6.) As we just mentioned, the length of the recording will change each time we make a new recording, and we want to know what this is. The [timer] object will help us here. This has two inlets – right and left. The left inlet starts timing when it receives a bang, and a bang to the right inlet outputs the time in milliseconds, so we can connect it to the [sel] object controlling recording. In this way, starting recording starts the timer, and stopping recording stops the timer and outputs the length of the recording.
7.) Now, an output from the [timer] object tells us we’ve finished recording and want to start playing back the sample, so we want this output to make a few things happen. We want it to control the frequency of the [phasor~] – that is, how long it takes to get from 0 to 1 – so the recording is played back at the correct speed. We also want to know what to multiply the [phasor~] output by, so it plays the whole length of the recording. To make the one number output do several things, we use the [t] object (short for trigger). If we write [t b f f], it will output (in right to left order, from the different outlets) two floats followed by a bang. The float – or floating point number – is the time from [timer]. Inputting this float (which happens when recording is stopped) will then cause a series of events (the output of two floats and a bang) which will make sure the full length of the recording is played back at the correct speed. To begin, we use the third outlet – an f – to multiply the [phasor~] output. The length from the timer is in milliseconds, so we multiply it by 48 (because of the 48,000 hz sample rate), to get the length (in samples) of the recording (every 1s, or 1000 ms, is 48000 samples) which we can multiply the output of the [phasor~] by, so the 0-1 range of the [phasor~] becomes 0-end of recording.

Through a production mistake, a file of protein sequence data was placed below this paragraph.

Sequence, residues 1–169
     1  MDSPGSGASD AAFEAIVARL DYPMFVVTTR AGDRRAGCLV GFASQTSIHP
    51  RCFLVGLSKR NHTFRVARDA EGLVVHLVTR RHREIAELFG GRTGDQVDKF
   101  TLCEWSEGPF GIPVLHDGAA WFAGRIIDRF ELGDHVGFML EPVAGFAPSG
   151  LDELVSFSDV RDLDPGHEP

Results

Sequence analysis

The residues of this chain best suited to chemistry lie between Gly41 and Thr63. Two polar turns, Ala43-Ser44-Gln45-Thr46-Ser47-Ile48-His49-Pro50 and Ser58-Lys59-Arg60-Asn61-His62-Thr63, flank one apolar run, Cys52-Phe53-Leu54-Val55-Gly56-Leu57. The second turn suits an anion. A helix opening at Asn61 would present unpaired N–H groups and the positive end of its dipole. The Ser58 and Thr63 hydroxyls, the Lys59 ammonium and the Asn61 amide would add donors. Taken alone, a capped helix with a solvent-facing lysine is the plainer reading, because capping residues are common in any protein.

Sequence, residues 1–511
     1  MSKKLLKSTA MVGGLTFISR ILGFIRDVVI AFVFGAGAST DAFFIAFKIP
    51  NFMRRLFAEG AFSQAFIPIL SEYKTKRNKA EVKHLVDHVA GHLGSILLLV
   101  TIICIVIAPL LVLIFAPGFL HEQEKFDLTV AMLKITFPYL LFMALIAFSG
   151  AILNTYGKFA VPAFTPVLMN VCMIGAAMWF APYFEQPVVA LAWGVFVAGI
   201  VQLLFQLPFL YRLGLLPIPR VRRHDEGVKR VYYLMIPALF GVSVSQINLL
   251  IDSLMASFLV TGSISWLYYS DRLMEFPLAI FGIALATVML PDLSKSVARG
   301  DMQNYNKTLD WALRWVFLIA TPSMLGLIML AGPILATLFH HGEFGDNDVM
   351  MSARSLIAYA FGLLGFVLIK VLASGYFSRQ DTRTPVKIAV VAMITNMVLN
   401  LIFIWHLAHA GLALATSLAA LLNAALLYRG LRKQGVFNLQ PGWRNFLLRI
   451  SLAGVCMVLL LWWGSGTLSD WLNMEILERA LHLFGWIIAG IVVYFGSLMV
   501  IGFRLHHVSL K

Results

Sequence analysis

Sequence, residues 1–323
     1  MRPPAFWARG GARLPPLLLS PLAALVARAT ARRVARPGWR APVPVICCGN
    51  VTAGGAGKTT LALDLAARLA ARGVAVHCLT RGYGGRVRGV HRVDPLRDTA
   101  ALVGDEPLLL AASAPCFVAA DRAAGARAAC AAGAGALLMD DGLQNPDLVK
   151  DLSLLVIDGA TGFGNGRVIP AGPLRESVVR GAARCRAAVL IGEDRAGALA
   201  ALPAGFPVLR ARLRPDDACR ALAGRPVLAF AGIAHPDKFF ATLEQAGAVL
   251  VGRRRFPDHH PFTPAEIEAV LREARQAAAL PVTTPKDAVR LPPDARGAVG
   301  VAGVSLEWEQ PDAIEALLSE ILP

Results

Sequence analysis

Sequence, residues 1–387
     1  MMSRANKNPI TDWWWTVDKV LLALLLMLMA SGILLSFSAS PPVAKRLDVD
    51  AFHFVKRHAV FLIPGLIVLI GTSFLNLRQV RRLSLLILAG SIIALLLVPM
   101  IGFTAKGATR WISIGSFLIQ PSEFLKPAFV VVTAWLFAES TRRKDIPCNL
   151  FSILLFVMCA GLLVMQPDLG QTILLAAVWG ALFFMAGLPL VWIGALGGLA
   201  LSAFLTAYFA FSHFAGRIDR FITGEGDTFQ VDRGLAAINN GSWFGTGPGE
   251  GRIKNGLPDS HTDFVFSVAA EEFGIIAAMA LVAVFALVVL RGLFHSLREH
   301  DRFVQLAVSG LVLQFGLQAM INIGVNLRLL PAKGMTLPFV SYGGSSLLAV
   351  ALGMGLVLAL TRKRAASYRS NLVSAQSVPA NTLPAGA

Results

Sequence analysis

8.) We can use the remaining bang and float to trigger a maths operation that gives us the frequency of the [phasor~]. We do this by dividing 1000 by the length (in milliseconds) of the recording. This is when the right-to-left order of the outputs is important – the “f” is sent to the divide object’s right inlet, before the “1000” to the left inlet which triggers the calculation (for most Pure Data objects, it is an input into the right inlet which will make them do something). This is sent to the left inlet of the [phasor~] to set the frequency.
9.) We can test our patch if we want. We can use a toggle object to simulate what we’d get from [r Channel-Push], and if we turn audio on (using Media> Audio On, or clicking ‘computer audio’ in the main Pure Data window), we can use the toggle to record and loop our recording. Clicking on the [table] object will let you view the waveform of the recording.
You can download the patch from our patch library here: https://hoxtonowl.com/patch-library/patch/PD_Sampler_Looper_tutorial/